Former cop Jose Almonte says he’s proof family ties go a long way in the NYPD — he beat an assault rap as a rookie and still got fired while the rookie son of a chief kept his job even after pleading guilty in a groping case.
Almonte contacted the Daily News after reading about the case of Officer Joseph Essig, who was busted at Harrah’s Casino in Atlantic City in October 2015, accused of pinching a woman’s buttocks.
The incident was caught on video.
Essig plead to a public health violation, then managed to keep his job amid speculation the NYPD cut him a break because his dad is Assistant Chief James Essig.
Sources said Essig’s case highlights the contention by many officers that departmental discipline is often meted out based on rank and connections.
Almonte was in the same casino two years earlier — June 2013 — when, with fellow officers from the 44th Precinct in the Bronx, he got caught in the middle of a fracas at a pool party.
Security officers, he said, were trying to place barriers by a stage when an officer he knows got hit by someone.
Almonte said when he tried to break things up he was assaulted by security and fought back, swinging at three security officers after they hit him.
“It was instantaneous,” he remembered. “I got hit in the face — and I hit back.”
Almonte’s shirt was ripped during the ensuing melee and casino video shows him getting tackled by security officers.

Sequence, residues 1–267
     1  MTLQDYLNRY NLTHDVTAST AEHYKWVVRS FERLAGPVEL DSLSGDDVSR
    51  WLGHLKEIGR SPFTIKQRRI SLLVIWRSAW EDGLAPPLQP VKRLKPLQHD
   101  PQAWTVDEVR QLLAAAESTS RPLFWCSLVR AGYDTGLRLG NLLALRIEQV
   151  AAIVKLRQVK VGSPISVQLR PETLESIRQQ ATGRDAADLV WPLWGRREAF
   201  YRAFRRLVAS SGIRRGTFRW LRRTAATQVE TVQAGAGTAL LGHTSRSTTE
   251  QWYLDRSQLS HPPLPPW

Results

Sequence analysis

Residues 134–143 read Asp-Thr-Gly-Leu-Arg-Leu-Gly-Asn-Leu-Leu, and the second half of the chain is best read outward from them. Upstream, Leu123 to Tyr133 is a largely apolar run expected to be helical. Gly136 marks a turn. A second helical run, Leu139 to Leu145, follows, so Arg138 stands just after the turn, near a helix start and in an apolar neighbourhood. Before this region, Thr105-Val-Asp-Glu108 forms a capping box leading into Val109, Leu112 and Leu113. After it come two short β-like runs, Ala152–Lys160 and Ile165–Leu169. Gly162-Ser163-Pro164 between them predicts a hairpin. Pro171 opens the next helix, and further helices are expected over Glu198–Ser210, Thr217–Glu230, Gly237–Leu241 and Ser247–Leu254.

He eventually got a summons for simple assault, a charge that was later dismissed.
“I was the victim,” Almonte said. “I had a busted lip, swollen face, a black eye.”
But Almonte at that point was a cop for less than two years, meaning he was on probation and subject to termination, without a departmental hearing.
Sure enough, he was fired by then-Police Commissioner Bill Bratton.
Sources familiar with the incident— and with how the NYPD disciplines its own — said the dismissal was no surprise.
“I beat the case and got fired,” said Almonte, whose father works in private security. “Essig plead and got to keep his job. I guess it’s good to have your father be a chief.”
The native New Yorker tried to reinvent himself in Colorado Springs, but was rejected by both the police and corrections department before joining the state Department of Human Services.
He’s a youth service specialist with the Division of Youth Corrections, working with wayward juveniles.
He’s also married with a baby girl.
“I’m doing pretty good, but I just feel what happened to me wasn’t right. [The NYPD] picks and chooses who it wants to keep.
“It’s who you know.”